Something im really curious about if you don't mind: What do you think you discomfort is caused by? Do think its caused by changing convergence which keeps all objects at screen depth regardless of their distance from the camera, or do you think its from what most people think it is, the accommodation disparity? Let me know if i need to explain that more.
post #13 of 21
Quote:
Originally Posted by Jaypesos05 View Post

Idk if 3d will take off like it should of like back in the old days... but I know when they make holographic movies where u can see 360 view of the movie that'll definitely make a lot of noise in movie technology. That'll be a few years from now quote me on this! Like in the movie Pay Check.

Ok I quoted you. But I have to disagree. Glasses free tech is many many years away. I have a glasses free 3d phone and there are so many reasons why glass free technology can only be used by a single individual.
post #14 of 21
I am finding between BD releases and Direct TV 3D the content to be petty darn good these days. My wife and I are averaging around 6 hours of quality 3D per week.
post #15 of 21
Quote:
Originally Posted by Jaypesos05 View Post

Idk if 3d will take off like it should of like back in the old days... but I know when they make holographic movies where u can see 360 view of the movie that'll definitely make a lot of noise in movie technology. That'll be a few years from now quote me on this! Like in the movie Pay Check.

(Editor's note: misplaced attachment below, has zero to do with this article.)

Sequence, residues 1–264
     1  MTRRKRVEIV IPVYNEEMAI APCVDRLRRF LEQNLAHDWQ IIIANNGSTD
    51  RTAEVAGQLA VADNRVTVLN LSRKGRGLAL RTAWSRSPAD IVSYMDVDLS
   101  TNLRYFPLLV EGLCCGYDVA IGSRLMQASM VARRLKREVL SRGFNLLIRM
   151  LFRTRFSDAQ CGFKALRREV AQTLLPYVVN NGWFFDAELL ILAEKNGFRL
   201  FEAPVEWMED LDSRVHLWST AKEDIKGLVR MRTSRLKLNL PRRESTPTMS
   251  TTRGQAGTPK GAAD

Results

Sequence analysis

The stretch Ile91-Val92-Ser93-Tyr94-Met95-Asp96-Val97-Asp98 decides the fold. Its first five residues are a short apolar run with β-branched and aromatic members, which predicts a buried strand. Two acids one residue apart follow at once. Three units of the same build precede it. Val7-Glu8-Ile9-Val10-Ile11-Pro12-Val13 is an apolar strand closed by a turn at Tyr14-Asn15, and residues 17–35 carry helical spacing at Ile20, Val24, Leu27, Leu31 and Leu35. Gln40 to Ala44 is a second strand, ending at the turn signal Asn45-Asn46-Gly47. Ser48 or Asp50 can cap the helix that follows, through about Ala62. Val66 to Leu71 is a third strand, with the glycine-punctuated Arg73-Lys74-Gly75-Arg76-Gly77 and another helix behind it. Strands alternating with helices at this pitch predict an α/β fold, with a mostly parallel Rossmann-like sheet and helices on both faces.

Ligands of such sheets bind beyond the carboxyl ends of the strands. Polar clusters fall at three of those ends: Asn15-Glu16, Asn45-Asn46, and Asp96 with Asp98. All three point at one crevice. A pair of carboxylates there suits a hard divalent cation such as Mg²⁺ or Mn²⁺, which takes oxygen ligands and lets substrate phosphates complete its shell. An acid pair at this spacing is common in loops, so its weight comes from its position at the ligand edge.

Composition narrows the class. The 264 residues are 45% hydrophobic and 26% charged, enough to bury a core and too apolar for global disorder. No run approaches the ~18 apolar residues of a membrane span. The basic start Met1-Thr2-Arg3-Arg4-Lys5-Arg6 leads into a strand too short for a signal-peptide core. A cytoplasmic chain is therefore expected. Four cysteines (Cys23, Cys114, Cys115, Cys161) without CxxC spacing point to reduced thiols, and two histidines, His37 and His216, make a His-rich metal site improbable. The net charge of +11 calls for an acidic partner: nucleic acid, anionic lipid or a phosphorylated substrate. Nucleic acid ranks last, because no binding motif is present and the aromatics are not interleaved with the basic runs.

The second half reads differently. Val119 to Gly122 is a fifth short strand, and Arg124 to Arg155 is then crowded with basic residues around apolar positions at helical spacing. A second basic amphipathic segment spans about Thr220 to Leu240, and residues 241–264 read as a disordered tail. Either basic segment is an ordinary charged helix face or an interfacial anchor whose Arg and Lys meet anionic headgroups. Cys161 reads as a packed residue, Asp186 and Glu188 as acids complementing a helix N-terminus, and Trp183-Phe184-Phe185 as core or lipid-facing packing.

So you think people are going to be walking around a movie instead of just sitting in a seat? That's pretty radical isn't it . . . and tiring
post #16 of 21
In 5 years . . .

3D movies will be shot at either 4K @ 48 FPS or 4K @ 60 FPS instead of 2K @ 24 FPS
post #17 of 21
Hologram displays would not be so desirable for 360 degree viewing, because that would severely limit how large the image could be. It would have to fit in the center of your room. But it would be good to have a wall sized display that changed the perspective as the viewers moved their heads from side to side. That kind of thing might be economically practical in fifteen or twenty years.
post #18 of 21
Quote:
Originally Posted by Lee Stewart View Post

In 5 years . . .

3D movies will be shot at either 4K @ 48 FPS or 4K @ 60 FPS

I sure hope so.
post #19 of 21
Quote:
Originally Posted by TrickMcKaha View Post

Hologram displays would not be so desirable for 360 degree viewing, because that would severely limit how large the image could be. It would have to fit in the center of your room. But it would be good to have a wall sized display that changed the perspective as the viewers moved their heads from side to side. That kind of thing might be economically practical in fifteen or twenty years.

What about vertigo?
post #20 of 21
Quote:
Originally Posted by Lee Stewart View Post


What about vertigo?

I don't think vertigo happens so much when the viewers themselves are causing the change by moving their own heads. Like how people don't get car sick as much if they are driving vs. being a passenger.
post #21 of 21
I was imagining a display that did not exaggerate our head movements, one that changed the perspective only as much as it would change if we were actually there moving our heads. Not rotating our heads, just a little side to side, so we could sorta look around things a little.